Is the streaming Swedish music service, now making its U.S. debut, the best shot the industry has at staying profitable and relevant?
Friday, July 15
Thursday, July 14
To this day, no one (outside of the movie's own crew) knows how the Muppets rode bicycles in The Great Muppet Caper, the classic Henson movie from 1981. In that scene, Kermit stands up on one frog-leg on the seat of his bicycle to impress Miss Piggy, and then the whole gang joins them on their bikes, doing circles and figure eights, singing “Couldn’t We Ride?” It's a wonderful piece of filmmaking, and still a complete delight to watch because the effect relied on the ingenuity and bravado of the puppeteers and crew, not CGI wizardry. Contrast the joy and ebullience of this scene to the elegant chiaroscuro slickness of the post-Henson Muppet Christmas Carol in which we see old fogies Statler and Waldorf, as the Marley brothers, floating in mid air. No viewer is impressed; no one really thinks about it at all. And that's because when a then 29-year-old Brian Henson directed that film, he threw the rules out the window. Statler and Waldorf “float” because Goelz and Nelson, the men working the old guys, were standing behind them during filming and then were removed in post production. It’s an elegant fix—a cutting of the Gordian knot—but it is a complete break with an aesthetic 35 years in the making.
At work with Jean-Claude Carrière, screenwriter of choice for an entire generation of top-flight directors.
A 1980 profile of Nolan Ryan by Tony Kornheiser from Inside Sports, annotated 30 years later by Michael MacCambridge and Kornheiser. The first story in Grantland’s Director’s Cut series, which “looks back at classic works of sports journalism and gives the writers, athletes, and other figures involved in making the articles an opportunity to reflect on their work and recall some deleted scenes.”
How a musical subculture evolved alongside a technological subculture:
Rave's rise mirrors the Web's in many ways. Both mixed rhetorical utopianism with insider snobbery. Both were future-forward "free spaces" with special appeal to geeks and wonks.
Wednesday, July 13
Slowly, Bobo pulled off his shoes, his socks. He stood up, unbuttoned his shirt, dropped his pants, his shorts. He stood there naked. It was Sunday morning, a little before 7.
A profile of the hard-living, cop-dodging artist Dash Snow, published two years before his death of an overdose.
FRANCO: “Straight” and “gay” are fairly recent phenomena. One of the things the great book Gay New York: Gender, Urban Culture and the Making of the Gay World, 1890–1940 is about is the way those labels have changed behavior. Between World War I and World War II, straight guys could have sex with other guys and still be perceived as straight as long as they acted masculine. Whether you were considered a “fairy” or a “queer” back then wasn’t based on sexual acts so much as outward behavior. Into the 1950s, 1960s and so on, the straight and gay thing came up based on your sexual partner. Because of those labels, you do it once and you’re gay, so you get fewer guys who are kind of in the middle zone. It sounds as though I’m advocating for an ambiguous zone or something, but I’m just interested in the way perception changes behavior.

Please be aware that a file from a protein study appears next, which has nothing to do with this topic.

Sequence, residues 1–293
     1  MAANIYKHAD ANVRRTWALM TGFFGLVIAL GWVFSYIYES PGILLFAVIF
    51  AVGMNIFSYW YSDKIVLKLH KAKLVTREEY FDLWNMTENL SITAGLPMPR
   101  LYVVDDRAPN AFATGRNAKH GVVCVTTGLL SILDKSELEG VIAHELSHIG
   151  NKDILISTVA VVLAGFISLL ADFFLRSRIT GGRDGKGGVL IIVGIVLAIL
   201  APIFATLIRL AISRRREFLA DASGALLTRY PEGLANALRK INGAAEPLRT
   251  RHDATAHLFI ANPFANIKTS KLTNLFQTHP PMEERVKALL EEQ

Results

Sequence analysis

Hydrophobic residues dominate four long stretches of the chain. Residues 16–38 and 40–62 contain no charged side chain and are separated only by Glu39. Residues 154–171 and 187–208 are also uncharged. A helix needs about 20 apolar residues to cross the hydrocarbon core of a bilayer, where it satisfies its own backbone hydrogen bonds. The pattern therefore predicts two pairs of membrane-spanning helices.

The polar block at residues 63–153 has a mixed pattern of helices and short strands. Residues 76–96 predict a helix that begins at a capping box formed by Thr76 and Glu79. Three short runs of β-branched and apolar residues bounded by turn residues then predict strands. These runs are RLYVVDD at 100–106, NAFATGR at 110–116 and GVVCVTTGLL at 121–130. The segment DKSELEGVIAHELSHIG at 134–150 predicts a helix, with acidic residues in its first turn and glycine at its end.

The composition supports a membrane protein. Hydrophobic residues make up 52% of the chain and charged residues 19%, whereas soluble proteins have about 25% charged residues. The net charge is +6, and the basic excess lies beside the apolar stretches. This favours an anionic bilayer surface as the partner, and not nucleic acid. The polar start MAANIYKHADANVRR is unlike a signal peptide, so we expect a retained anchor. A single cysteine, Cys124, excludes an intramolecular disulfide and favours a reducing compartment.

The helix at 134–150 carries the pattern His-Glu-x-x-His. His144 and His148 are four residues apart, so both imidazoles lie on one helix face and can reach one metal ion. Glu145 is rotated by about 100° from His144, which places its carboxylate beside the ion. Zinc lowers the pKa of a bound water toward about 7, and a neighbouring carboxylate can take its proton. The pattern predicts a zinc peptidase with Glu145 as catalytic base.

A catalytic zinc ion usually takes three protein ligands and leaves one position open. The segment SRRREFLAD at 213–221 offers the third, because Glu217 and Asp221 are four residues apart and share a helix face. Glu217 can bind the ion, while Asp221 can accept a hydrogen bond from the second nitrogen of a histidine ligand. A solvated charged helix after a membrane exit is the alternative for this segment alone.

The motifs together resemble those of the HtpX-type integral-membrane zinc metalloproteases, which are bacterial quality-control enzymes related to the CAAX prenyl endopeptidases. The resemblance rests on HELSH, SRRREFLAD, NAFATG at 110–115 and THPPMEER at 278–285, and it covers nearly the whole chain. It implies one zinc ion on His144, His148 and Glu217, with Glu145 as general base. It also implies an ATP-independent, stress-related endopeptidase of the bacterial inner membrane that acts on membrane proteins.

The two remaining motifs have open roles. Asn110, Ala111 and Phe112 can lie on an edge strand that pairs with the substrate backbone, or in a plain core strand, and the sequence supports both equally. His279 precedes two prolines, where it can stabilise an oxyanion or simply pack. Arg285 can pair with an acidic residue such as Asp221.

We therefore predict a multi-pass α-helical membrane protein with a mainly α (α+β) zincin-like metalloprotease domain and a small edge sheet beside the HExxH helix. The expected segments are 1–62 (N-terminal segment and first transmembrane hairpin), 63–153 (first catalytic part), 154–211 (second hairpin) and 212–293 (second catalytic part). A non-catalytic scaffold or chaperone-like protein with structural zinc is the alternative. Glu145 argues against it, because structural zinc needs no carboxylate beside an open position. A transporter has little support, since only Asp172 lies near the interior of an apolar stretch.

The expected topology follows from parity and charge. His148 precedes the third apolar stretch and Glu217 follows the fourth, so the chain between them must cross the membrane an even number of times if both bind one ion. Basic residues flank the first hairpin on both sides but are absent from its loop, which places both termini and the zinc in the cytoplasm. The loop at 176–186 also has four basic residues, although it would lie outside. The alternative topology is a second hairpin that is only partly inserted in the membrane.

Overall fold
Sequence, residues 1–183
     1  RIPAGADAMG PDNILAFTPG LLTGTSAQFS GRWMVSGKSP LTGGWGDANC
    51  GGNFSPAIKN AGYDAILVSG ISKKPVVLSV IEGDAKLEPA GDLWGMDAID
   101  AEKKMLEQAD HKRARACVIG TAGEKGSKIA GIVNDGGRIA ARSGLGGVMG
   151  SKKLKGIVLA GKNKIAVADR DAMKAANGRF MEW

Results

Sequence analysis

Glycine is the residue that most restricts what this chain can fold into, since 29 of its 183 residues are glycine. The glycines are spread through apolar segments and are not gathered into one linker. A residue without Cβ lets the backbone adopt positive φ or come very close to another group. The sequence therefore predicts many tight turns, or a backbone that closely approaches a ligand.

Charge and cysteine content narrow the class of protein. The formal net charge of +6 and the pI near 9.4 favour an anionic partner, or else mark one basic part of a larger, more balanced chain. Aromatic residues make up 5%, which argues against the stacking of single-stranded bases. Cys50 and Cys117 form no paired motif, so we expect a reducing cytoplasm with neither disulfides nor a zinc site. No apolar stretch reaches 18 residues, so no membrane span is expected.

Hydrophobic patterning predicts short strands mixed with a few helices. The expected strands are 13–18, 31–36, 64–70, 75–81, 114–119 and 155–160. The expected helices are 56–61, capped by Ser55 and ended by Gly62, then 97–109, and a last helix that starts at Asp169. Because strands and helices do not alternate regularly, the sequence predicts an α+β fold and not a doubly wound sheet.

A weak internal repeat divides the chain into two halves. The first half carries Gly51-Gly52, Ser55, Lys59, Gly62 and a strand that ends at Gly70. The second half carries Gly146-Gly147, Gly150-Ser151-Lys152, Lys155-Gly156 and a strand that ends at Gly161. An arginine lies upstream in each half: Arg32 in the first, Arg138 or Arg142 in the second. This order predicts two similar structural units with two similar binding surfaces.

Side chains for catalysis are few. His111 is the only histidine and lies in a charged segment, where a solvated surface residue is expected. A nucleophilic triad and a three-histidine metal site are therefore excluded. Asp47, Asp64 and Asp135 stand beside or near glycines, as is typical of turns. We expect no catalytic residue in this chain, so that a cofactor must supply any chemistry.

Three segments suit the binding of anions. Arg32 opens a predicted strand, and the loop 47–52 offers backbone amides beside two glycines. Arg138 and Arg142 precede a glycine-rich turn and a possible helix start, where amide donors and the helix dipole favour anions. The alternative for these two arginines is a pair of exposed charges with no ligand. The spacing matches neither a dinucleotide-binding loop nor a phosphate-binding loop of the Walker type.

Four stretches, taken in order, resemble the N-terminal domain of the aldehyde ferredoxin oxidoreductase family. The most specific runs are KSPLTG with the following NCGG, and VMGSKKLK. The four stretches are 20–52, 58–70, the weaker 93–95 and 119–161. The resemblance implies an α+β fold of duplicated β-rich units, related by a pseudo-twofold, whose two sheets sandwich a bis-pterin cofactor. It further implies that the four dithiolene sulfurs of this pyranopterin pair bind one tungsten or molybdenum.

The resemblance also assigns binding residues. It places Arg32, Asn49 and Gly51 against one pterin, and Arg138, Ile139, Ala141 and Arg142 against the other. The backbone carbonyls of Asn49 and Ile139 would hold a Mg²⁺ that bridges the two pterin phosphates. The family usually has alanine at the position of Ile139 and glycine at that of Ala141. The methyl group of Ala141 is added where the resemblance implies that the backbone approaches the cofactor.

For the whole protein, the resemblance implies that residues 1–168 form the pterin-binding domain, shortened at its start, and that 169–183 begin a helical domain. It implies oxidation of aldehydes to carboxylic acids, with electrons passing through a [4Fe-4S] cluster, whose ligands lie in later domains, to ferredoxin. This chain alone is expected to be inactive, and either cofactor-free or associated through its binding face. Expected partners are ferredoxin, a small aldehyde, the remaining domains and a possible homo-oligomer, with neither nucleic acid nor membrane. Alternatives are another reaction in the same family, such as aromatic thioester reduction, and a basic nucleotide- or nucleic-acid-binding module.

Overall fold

How Frank and Jamie McCourt bought the Dodgers for “for less than the price of an oceanfront home in Southampton” and eventually became entangled in one of the most expensive divorces in California history, which laid bare their finances and confirmed what many already knew: they had bankrupted one of the most storied franchises in baseball.
In all, the McCourts reportedly took $108 million out of the team in personal distributions over five years—a sum that Molly Knight, a reporter with ESPN who has extensively covered the story, notes is eerily similar to the cash payment that she says Frank McCourt has claimed he made for the team.
Tuesday, July 12
During the Great Floods of 2011, the Mississippi unleashed deadly currents and a flow rate that could fill the Superdome in less than a minute. Defying government orders, the author and two friends canoed 300 miles from Memphis to Vicksburg. This is their story.
His friends remembered when Richard became famous. It was the year the hippies came to San Francisco. Richard had published one novel, A Confederate General from Big Sur, but it had sold miserably 743 copies and his publisher, Grove Press, had dropped its option on Trout Fishing in America. Donald Allen was the West Coast representative of Grove and the editor of the Evergreen Review, which had introduced the Beat Generation. Allen had a small nonprofit press called the Four Seasons Foundation, and he decided to publish the book himself. Allen sold 29,000 copies of the book before Delacorte bought it. Eventually, 2 million copies were sold. It was the kind of book that captured the spirit and sound of a generation. Soon there was a commune and an underground newspaper and even a school named after Trout Fishing in America. His short stories and poems appeared regularly in Rolling Stone, often beneath a photograph of him in his broad-brimmed hat. His face became a hippie icon. "For three or four years, he was like George Harrison walking down Haight Street," remembered Don Carpenter, a novelist and scriptwriter and a longtime friend of Richard's. His image infuriated what Richard called the East Coast literary mafia.
The Stanford Prison Experiment, revisited 40 years later.